Season recap: Travis Hawkins
Travis Hawkins' future at Maryland will be as a cornerback.
But during his senior season at Quince Orchard High School in Montgomery Co., the Terps commitment had plenty of opportunities to make an impact on offense.
“Offensively, we tried to use him in a variety of different roles,” QO coach Dave Mencarini said. “We really needed him on defense and tried to make that his primary focus, but when you’ve got a great talent like that [you have to use him on offense, too]. He played quarterback, running back, receiver. In the seventh game of the year, our quarterback broke his collarbone and Travis stepped in. Then he got injured with a high ankle sprain. In the 10th game of the year, he [came back] and set a record for total yards in a game. ... Every time he touched the ball, he made a big play.”
Hawkins, 5 feet 10, 180 pounds, still performed well as a defensive back, Mencarini said. He just didn’t see many opportunities to make plays at cornerback.
“Because he’s such a great athlete and player, not a lot of action went his way," Mencarini said. "Statistically you’d look at his numbers and say, ‘this kid didn’t have a good senior year.’ But the reality is that our other corner was team MVP. Our little 5-9 MVP on the other side [made a lot of plays] because they never threw [Hawkins’] way. Teams would try to test him, but he kind of shut down a half of the field, which is nice.”
Hawkins recorded 19 tackles and one interception on the year. According to The Washington Post, he also accounted for nine touchdowns on offense (four passing, four receptions, one rushing). QO finished the season 10-2, falling to Sherwood in the 4A West finals.
Hawkins committed to the Terps in October, announcing his decision at a news conference at Quince Orchard. But between then and now, there were some tenuous moments where Hawkins faced slight doubts about his commitment.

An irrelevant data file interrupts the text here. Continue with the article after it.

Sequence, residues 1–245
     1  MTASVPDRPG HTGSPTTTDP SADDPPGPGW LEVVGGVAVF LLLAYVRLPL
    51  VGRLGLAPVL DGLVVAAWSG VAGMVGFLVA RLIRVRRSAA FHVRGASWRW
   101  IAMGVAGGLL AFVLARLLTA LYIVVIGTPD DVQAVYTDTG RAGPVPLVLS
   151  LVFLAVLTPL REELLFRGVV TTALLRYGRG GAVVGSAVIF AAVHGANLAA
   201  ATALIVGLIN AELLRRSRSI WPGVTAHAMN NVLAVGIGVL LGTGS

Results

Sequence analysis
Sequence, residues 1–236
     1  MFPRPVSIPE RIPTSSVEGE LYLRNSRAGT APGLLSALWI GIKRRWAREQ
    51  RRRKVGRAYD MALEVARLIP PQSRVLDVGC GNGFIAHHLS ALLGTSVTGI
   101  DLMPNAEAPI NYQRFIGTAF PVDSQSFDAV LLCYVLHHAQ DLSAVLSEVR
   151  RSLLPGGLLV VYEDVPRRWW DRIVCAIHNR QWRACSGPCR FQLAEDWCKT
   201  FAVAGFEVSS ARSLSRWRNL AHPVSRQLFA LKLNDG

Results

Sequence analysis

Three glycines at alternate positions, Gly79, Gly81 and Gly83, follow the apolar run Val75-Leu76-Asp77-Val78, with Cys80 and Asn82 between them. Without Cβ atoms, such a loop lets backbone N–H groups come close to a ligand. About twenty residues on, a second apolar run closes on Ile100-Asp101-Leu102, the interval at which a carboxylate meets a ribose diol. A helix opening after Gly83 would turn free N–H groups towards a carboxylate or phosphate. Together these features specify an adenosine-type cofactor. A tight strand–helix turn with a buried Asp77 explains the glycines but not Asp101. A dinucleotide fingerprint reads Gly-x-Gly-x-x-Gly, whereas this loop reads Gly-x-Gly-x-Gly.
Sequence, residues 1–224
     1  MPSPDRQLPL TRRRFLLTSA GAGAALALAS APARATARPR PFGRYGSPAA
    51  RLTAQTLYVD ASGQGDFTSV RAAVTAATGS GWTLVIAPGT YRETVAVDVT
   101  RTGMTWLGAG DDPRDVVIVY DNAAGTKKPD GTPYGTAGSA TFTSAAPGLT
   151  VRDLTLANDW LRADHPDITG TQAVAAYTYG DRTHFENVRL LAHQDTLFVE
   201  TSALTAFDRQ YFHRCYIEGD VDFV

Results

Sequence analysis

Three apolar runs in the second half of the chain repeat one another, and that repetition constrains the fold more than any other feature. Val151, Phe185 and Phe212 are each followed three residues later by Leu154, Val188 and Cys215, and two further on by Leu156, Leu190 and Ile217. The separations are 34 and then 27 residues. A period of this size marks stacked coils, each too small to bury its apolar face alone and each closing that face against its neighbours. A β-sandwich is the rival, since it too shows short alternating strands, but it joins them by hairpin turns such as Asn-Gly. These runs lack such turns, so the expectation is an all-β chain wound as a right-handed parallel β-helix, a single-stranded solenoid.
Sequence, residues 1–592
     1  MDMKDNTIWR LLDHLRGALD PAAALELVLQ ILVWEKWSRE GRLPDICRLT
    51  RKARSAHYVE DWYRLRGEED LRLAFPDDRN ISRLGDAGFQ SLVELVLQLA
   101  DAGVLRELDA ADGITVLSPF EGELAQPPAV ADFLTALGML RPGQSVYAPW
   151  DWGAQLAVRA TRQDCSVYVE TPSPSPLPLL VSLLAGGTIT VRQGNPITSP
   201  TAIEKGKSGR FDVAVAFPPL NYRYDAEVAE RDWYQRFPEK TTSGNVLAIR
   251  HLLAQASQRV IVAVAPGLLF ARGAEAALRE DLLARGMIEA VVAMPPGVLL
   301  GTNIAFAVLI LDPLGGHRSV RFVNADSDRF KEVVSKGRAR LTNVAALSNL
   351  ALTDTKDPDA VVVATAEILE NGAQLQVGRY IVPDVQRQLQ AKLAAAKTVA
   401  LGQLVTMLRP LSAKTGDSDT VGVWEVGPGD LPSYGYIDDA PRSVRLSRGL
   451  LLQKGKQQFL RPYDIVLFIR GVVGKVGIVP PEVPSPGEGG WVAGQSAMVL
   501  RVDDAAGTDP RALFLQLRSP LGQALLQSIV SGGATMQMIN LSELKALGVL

After returning from the Under Armour All-American game in Orlando (and witnessing other top recruits go back-and-forth with their decisions), Hawkins thought about taking a couple official visits, with West Virginia and Florida mentioned frequently as potential destinations.
But in the end, Hawkins decided against taking other trips. Mencarini said location played a role, as did UM’s pitch in billing Hawkins as a headliner in its class.
“I think that’s kind of how Maryland recruited him,” Mencarini said. “‘Hey, we’ve had national recruits before. We had Kenny Tate, who’s off to a great career.’ They see Travis very similar to that. I think he handled it well, but any 17-year old kid being courted by the top programs in the country goes through a little bit [of uncertainty], and I think that’s what you saw the last couple of weeks. I think it just showed that the kid is human. Ultimately, that didn’t happen. He kind of thought about what’s important to him. The process is tough and it wears on kids. It’s not easy, but I think in the end, he handled it fairly well, all things considered.”
Mencarini brought Hawkins up to the QO varsity as a freshman. He remained there for the next three years. While Mencarini has sent many players to Division I schools during his tenure at Quince Orchard, Hawkins stands out.
“He’s the most explosive player that I’ve ever coached, and the most explosive player I’ve ever seen in my career as a coach,” Mencarini said. “I think the thing that stands out about his career is his knack for making big plays on offense, defense and special teams. Instincts are something you really can’t teach or coach, so that gives him a chance to have a great college career.
“So he’s a great kid. To be honest with you, he’s had to overcome a lot of things on and off the field. For him to be in this position is a credit to his maturity. There’s good and bad days with any kid, but he’s really handled the last four years of his life with a lot of class and dignity.”